research, Writing

Novel Thoughts

I’ve begun work on another novel, working titled Unspoken. This is a secondary world fantasy novel that has involved a fair share of behind-the-scenes world building, which I’ve enjoyed a lot. It also gave me an opportunity to create two entirely new species, one predator and one prey, which, OMG is just fascinating. Talk about your research rabbit holes! I could research critters’ biology and habits until the cows come home, until the power grid goes down, until…well, you get the point. I kinda likes that sort of thing. ūüėČ

My process for this novel has changed from the previous ones, and those changed from the process I used before that. Basically, I’m moving from “pure pantster” to “whole lotta plotter.” This is not something I’d anticipated doing when I started writing seriously. It’s happened organically, and I’m happy with the changes so far, so… *shrugs.* Live and let live, right? Which also means to be willing to try something new if your old way just isn’t working for you anymore.

Unspoken has gone through three full levels of outlining–or outline editing, as I prefer to think of it. I’m thinking of each like a mini-draft of the novel itself, which let me get over the “just outlining” negativity. The first pass was simply taking the bits and bobs of story and imposing an order on them, then filling in the blanks. This was comparatively easy, as it’s how I started adding structure when I found pantsing wasn’t doing it for me. It’s fun. I saw the shape taking form, and it was thrilling (this was the only step I took for book one of Jess, btw).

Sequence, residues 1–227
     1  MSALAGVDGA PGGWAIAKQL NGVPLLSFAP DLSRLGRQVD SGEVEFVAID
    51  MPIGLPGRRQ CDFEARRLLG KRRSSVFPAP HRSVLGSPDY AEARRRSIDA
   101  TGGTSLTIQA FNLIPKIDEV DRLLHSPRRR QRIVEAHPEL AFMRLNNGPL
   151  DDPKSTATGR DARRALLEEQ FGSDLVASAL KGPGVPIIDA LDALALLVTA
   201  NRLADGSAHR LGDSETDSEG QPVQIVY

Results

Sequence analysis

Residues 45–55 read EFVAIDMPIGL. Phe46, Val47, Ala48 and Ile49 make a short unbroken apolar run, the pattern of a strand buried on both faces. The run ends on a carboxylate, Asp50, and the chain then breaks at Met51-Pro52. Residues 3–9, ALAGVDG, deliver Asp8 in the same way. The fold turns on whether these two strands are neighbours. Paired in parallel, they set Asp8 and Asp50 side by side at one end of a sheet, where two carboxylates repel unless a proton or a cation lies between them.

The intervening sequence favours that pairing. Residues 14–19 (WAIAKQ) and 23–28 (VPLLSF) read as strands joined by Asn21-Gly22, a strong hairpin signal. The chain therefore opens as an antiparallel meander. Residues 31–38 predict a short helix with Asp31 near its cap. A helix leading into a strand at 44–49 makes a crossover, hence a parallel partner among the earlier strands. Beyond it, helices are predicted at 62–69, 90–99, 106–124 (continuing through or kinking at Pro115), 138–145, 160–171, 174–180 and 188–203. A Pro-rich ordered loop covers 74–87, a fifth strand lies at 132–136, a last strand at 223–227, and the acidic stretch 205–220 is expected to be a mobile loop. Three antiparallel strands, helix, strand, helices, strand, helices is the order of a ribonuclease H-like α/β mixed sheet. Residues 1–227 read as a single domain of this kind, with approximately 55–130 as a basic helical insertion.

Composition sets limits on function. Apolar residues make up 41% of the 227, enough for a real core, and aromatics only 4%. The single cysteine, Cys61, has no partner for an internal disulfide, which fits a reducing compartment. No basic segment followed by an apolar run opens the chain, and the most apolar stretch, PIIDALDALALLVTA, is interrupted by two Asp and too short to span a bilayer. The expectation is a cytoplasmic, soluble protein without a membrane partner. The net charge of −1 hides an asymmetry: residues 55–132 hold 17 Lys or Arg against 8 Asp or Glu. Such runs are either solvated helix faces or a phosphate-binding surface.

The second editing level came next. I let the ideas simmer a week, then went back to the rough outline with a “Yes, But/No, And” checklist. The idea here is that every scene should have a protagonist with a goal, and for every scene I should ask “Did the goal get met?” The answer, of course, should never be “Yes” until the very end. It could be, “Yes, BUT…” and then something worse than the present situation came about. The answer could be “No, AND…” so that something worse came about. But always, things get worse, get more complicated, etc–even when some small victory is achieved, there is a setback.

That process drew my attention to where the story was fuzzy in my mind. Where the protagonist wasn’t fully on my mind, just the “really cool world building” or “here I’ll show how tough the desert is” and that kind of thing. Then came another cooling off period, a plot-breaking with others to see what was/wasn’t working, and my final round of editing: the scene/sequel process.

I found this bit at the old Jim Butcher LJ (scene bit here, and sequel bit here), and he’s carried the links to his new site, so honest, go read them! His “Scene” reiterates the “Yes, But/No, And” process, so for me, “Sequel” held the gold. I’ve always muddied my reactions, dallying too long around the emotions, etc. And even after the second edit of the outline, going through Unspoken scene by scene really let me zero in on the places where I was still dallying too long, or too unsure of what I was saying, or why. It was a frustrating process, but one that showed me–quite clearly and plainly–my own writing weaknesses.

And now I can’t imagine having written off that first draft of the outline! Nor do I want to imagine the process of trial and error to get three full written drafts to structural state this first draft will be–my mind simply boggles at the thought! That said, there are as many ways to write as there are writers who write. Do whatever works for you to get words on the page, and to feel good about them.

As for me and my writing style? I’m still a work in progress. My next novel will probably see yet another change in process. But that means I gotta get back to writing this one. So…*waves and disappears*